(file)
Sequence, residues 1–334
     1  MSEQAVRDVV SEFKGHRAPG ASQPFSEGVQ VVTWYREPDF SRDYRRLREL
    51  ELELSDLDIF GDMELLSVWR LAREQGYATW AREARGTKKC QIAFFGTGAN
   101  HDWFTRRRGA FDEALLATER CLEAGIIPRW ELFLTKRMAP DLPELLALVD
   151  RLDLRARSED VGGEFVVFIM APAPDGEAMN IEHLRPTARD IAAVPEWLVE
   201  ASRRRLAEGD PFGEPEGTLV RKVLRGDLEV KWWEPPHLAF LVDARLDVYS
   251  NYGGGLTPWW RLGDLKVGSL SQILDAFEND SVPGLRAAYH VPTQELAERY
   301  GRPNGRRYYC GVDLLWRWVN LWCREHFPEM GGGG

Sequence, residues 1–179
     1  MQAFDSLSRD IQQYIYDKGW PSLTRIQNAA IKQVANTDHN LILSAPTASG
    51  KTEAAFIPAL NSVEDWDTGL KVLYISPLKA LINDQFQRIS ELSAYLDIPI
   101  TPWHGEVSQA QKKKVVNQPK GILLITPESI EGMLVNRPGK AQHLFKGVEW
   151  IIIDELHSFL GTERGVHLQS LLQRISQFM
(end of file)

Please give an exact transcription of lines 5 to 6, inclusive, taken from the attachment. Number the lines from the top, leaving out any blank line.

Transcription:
   151  RLDLRARSED VGGEFVVFIM APAPDGEAMN IEHLRPTARD IAAVPEWLVE
   201  ASRRRLAEGD PFGEPEGTLV RKVLRGDLEV KWWEPPHLAF LVDARLDVYS